A neglected Tutukaka garden, designated to showcase native Poor Knights Islands' plants on the mainland, has been resurrected.
The Waerenga Tawhitinui (Poor Knights Garden) at Tutukaka Marina is a 2500sq m area which, over 20 years ago, then marina manager Guy Bowden created using propagated plants off the protected Poor Knights Islands to display the unique flora growing there.
However, after Bowden left his role at the marina to pursue his interest in native plants, culminating in Tawapou Coastal Native Nursery, the garden fell into neglect while an unfinished pou carving, custom-designed for the area, lay dormant.
That was until the now Tutukaka Marina manager Dylan Lease united with both Bowden and friend Hamish Clueard, who project managed the original garden, and decided to breathe new life back into the expanse. Between Bowden and his staff donating and planting, Tutukaka Marina management and local iwi, helped with funding from Creative NZ and a number of sponsors, the garden is now thriving.
"I'd been to the Knights a couple of times and noticed the plants there," recalled Bowden, whose parents were amateur botanists and environmentalists.
"I thought I'd start a garden of similar plants so started digging up this garden at the marina and got a big pile of rocks and it was quite a mess really but people got behind it."
Northland Department of Conservation was also impressed by the idea and granted a permit to collect plants from the islands.
His work carrying out weed management through DoC on the Poor Knights coupled with stories of a fire decades ago which nearly wiped out the islands' species, gave him an appreciation for the exclusive plants growing there and the need to preserve them. He accompanied a nurseryman to begin the seed retrieval and propagation process to create a seed bank on the mainland in the form of the Tawhitinui Garden.
Today the garden, which is maintained by the marina gardener, holds about 60 per cent plant varieties from the pristine Poor Knights, including pittosporum, kowhai and the Poor Knights lily. There is also the kawakawa plant, noticeably different to the mainland variety after birds deposited seeds adjacent with the two varieties now growing side-by-side.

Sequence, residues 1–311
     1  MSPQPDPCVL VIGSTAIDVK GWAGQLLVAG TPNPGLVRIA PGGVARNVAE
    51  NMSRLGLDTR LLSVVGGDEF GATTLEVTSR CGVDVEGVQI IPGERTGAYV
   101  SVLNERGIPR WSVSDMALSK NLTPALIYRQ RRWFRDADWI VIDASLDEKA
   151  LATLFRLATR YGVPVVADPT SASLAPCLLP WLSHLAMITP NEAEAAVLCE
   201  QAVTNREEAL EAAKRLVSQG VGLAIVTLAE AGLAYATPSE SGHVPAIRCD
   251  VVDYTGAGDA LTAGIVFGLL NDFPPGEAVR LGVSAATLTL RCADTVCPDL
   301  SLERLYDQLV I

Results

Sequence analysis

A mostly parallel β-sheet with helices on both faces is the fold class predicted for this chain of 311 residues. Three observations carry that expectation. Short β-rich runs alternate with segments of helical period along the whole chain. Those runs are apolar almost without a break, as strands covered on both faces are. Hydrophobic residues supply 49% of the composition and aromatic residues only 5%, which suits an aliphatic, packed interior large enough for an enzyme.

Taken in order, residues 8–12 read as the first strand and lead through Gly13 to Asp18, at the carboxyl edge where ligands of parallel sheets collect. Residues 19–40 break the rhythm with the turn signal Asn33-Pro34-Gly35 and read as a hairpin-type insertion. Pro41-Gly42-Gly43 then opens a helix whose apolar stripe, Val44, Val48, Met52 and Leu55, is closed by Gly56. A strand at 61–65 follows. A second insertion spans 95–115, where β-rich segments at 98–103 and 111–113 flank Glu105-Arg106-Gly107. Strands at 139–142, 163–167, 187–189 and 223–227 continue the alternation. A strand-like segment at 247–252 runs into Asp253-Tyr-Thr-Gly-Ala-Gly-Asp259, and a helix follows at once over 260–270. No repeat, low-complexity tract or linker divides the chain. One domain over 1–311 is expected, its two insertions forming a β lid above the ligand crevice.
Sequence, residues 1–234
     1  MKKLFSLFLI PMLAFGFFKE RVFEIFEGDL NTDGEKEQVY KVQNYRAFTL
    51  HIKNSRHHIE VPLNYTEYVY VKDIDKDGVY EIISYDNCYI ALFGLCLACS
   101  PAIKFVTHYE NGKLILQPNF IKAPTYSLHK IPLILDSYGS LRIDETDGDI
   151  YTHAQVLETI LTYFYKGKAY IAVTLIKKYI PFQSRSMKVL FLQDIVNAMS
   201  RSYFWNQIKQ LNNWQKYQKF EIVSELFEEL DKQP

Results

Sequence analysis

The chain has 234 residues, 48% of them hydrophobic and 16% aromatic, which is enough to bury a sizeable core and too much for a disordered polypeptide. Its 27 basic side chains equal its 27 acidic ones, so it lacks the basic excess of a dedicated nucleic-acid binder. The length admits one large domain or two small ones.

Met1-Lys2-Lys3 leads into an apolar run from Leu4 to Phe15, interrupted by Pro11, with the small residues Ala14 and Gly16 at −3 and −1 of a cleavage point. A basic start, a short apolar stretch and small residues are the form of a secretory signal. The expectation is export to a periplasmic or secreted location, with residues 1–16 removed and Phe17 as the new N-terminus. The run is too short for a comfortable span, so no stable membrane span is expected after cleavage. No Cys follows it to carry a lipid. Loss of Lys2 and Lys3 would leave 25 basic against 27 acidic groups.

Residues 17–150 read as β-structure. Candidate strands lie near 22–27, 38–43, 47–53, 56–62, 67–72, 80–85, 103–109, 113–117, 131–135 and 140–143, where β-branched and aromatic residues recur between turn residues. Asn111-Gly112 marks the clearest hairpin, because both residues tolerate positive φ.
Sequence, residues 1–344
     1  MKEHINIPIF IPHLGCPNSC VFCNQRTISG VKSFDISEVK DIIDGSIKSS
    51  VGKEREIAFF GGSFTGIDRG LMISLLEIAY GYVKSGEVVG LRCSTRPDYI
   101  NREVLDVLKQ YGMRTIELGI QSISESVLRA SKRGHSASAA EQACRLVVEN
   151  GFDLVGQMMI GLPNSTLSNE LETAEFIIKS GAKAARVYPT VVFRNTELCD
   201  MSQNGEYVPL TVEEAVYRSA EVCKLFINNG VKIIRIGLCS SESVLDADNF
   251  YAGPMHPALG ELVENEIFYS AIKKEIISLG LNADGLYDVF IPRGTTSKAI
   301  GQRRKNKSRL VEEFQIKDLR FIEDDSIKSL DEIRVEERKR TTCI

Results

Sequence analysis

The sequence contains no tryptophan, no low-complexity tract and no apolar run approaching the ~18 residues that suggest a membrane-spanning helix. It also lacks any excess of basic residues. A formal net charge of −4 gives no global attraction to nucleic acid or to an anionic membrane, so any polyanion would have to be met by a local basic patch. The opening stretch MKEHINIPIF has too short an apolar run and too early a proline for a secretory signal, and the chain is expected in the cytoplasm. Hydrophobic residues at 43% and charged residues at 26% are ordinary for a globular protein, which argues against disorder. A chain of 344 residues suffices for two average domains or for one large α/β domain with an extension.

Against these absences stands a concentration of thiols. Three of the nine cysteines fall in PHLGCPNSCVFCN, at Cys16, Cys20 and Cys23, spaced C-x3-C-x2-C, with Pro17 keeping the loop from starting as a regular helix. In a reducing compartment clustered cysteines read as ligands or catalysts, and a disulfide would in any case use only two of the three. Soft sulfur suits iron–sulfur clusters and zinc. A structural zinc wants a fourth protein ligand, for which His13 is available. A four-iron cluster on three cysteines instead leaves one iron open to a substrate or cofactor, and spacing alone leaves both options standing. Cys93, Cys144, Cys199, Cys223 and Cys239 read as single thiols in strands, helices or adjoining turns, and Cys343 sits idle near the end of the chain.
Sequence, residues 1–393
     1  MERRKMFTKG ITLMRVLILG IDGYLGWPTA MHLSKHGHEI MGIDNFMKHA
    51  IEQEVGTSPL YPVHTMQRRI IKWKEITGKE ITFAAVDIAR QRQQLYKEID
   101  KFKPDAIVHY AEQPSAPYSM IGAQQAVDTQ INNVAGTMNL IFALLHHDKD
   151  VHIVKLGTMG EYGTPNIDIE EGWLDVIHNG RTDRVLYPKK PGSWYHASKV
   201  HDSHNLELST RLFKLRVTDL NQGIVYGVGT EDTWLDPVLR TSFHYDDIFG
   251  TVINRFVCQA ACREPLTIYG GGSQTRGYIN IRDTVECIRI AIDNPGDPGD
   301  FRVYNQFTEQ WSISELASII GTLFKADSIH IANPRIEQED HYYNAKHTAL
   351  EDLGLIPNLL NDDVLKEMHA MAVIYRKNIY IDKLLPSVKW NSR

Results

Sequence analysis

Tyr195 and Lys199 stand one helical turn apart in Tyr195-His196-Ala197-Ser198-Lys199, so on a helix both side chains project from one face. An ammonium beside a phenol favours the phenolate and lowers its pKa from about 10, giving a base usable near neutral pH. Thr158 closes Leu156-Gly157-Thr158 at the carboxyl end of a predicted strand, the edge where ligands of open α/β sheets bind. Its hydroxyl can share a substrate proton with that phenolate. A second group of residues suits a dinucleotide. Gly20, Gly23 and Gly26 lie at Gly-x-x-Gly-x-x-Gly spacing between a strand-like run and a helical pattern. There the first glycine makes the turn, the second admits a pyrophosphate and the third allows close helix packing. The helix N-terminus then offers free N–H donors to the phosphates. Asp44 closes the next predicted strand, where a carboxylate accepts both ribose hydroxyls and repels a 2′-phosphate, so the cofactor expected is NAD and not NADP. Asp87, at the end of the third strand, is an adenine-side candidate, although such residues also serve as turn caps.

"The Poor Knights' kawakawa has shinier leaves and doesn't get the holes in them like the mainland one," said Clueard, explaining that it too is a product of "island giantism", thought to be caused by the highly fertile soils or warmer surrounding waters.
Standing centre stage of the garden is a newly erected traditional carved pou. The Māori Pou Whakairo was originally started by fellow friend and Māori artist carver Rua Paul of Ngati Hine and Ngatiwai before the project stalled for 20 years. However, when the group of friends decided to resurrect the project, they contacted Paul, who completed the totem.
The pou stands as guardian of the plants and seeds of the garden and depicts three central images - the white bellied sea eagle, the sperm whale and a carved figure, Aorangi (the name of one of the Poor Knights Islands) - unique to the tribes of the Tutukaka Coast. It also features the giant squid and the floral imagery ascending the pou is the native plant Pohuehue Muehlenbeckia complexa, commonly seen growing on the east coast of Northland and, in particular, on the Poor Knights Islands, also well represented at the Tawhitinui Garden.
"The idea was to keep it authentic to the Poor Knights and we are aiming for it to have 100 per cent Poor Knights' plants," said Bowden.
"Hopefully it will help in raising awareness of the importance of these offshore islands in housing rare and endangered plants."
Lease said: "It was just a jungle and now it has purpose. It's been a real journey and it's ongoing. We're the gateway to the Knights here, the stepping stone, so it makes sense, that's just what's so magical about it."